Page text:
She shook her jet-lagged husband awake: " 'I think I'm pregnant.' He high-fived me and rolled over. I got in bed, awake all night, terrified: What do I do now?"

Though they wanted to raise children, Michaela was petrified of pregnancy. "I'm a fitness instructor; I teach spin, I teach barre," she says. "Growing up, everyone talks about how you have this baby and your body is ruined and everything's terrible. It was a very weird, foreign concept to think of another human being growing inside me."

But the pregnancy was an easy ride, provided Michaela stayed away from websites and chat rooms filled with stories of other women's gestational struggles. She kept working out, kept teaching spin classes. The day before Jaxson was due, she scoured the house from kitchen to roof deck.

That evening, she texted a friend: "I'm going to be pregnant forever. This baby's never coming."

Her water broke early the next morning, and Jaxson arrived that night at Abington Hospital, after three-and-a-half hours of arduous pushing and an epidural that didn't quite work. Chris remembers a process more immersive than he'd imagined — "I thought I was going to be holding her hand, saying, 'You can do it,' but a nurse said, 'Grab her leg.' And when I cut the cord, it was so full of blood it splattered everywhere. But I didn't care."

The early weeks of parenthood were rocked with visiting relatives, infant acid reflux, and the jarring realization that they could no longer sleep until 9:30 a.m. on Sundays and laze their way to brunch.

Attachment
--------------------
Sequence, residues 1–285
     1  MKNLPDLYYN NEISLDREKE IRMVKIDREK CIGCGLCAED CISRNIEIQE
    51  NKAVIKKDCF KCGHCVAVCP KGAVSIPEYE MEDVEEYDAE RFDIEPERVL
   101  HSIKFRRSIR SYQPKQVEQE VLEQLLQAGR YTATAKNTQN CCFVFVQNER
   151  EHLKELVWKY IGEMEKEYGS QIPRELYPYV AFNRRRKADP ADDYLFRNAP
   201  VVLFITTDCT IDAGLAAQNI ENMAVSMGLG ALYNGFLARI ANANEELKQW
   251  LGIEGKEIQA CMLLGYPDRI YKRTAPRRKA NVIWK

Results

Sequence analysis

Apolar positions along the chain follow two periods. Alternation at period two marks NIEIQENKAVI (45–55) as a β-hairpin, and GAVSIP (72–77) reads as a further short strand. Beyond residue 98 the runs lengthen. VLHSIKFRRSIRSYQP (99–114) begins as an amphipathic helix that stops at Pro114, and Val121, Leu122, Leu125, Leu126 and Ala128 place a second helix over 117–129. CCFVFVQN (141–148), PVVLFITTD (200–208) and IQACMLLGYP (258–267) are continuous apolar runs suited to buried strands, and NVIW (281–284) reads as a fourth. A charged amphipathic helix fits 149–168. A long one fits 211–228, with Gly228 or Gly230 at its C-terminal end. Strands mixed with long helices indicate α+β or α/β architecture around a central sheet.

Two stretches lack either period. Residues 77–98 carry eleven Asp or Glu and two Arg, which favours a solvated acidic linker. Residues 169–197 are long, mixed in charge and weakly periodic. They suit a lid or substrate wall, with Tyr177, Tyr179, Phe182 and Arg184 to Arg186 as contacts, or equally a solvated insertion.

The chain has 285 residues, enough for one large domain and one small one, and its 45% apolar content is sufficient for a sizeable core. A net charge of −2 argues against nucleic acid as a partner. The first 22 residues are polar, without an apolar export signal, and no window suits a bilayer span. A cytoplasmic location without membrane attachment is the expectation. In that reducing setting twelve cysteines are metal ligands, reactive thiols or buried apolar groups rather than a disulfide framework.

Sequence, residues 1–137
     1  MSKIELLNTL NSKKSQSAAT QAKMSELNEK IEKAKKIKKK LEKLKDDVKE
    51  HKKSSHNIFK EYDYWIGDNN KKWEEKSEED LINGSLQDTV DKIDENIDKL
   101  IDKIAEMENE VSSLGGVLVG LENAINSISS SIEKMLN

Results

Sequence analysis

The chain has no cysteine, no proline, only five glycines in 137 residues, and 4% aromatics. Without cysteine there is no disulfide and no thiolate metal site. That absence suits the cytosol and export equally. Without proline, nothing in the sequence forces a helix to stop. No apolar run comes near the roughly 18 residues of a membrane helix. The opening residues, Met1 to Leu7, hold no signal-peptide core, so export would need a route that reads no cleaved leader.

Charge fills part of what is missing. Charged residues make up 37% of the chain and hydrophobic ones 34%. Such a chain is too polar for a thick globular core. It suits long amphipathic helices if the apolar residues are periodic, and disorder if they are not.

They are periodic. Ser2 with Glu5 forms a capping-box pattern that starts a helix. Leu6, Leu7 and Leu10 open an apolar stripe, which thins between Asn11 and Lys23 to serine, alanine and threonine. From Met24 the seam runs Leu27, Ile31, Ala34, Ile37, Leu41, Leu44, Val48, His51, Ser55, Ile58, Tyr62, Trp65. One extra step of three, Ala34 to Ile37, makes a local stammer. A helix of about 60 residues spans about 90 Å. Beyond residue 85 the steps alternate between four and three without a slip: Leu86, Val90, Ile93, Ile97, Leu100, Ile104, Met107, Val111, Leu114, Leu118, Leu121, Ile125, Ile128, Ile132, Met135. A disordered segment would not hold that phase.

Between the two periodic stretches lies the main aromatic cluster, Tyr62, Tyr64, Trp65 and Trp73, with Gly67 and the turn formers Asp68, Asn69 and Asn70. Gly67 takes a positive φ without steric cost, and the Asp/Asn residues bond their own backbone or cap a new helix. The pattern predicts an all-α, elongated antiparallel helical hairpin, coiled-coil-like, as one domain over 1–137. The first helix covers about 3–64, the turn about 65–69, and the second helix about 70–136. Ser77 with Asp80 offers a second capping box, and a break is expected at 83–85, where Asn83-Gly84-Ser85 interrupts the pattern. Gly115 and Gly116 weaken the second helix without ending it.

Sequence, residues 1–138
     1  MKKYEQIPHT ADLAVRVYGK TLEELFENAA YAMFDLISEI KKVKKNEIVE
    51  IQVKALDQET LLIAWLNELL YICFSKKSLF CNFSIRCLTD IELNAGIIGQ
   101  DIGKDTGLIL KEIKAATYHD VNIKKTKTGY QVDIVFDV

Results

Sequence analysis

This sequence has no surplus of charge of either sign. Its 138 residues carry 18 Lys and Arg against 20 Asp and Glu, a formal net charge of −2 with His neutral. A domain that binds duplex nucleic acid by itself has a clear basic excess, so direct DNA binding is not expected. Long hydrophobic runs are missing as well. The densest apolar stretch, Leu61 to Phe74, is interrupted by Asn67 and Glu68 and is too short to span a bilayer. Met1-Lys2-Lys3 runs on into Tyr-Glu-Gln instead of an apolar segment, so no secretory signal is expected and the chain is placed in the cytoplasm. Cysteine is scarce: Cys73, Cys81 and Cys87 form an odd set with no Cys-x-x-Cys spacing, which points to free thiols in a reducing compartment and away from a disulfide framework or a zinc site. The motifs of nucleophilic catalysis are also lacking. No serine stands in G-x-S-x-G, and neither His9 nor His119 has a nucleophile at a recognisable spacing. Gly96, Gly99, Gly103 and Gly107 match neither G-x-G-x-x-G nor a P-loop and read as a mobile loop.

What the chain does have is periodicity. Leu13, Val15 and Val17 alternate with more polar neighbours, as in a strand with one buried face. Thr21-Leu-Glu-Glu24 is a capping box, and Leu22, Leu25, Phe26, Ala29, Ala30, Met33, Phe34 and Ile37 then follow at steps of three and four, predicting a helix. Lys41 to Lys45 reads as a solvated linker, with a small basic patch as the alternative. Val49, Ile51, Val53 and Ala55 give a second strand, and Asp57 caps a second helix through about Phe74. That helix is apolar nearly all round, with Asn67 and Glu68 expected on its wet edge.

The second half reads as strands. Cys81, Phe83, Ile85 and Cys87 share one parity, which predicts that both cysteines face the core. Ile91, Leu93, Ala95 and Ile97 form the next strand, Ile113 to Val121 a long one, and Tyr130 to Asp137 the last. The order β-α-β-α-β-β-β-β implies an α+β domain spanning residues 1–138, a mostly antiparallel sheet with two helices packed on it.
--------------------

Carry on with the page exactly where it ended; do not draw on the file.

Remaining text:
"But you kind of forget about that, which is why you do it again," Michaela says. They wanted a sibling for Jaxson; this time, too, they had a quick conception and an uncomplicated pregnancy — that is until a month before delivery, when the baby's position created so much pressure that Michaela had to stop teaching spin and go on long walks for exercise instead.

When Adelyn was born, they understood the source of that discomfort: she'd been resting face-down on a pelvic bone, leaving her with a massive lump and bruise on her head. "My first words to my daughter were, 'Oh, my God, her head!' " Michaela says. But she looked like her brother — same round face, same big cheeks.

Michaela understands now how parenthood can swallow a person. With just one child, she could still eke out time each day for herself; with two, the demands never stop. Soon Chris will return to a punishing schedule of international travel; she'll often be alone with both kids.

The pair hire a babysitter so they can have at least one child-free date night a month. And there are daily redemptions: when Jaxson insists, "Baby sister needs to watch me eat breakfast! Baby sister, watch me go down the slide!"

"People say, 'Your life's over. Two-year-olds are terrible.' But no one tells you the awesome parts," Michaela says. "Parenting is really scary, really stressful, really emotional at times. But if you're scared and stressed and emotional, I think it means you're doing things right."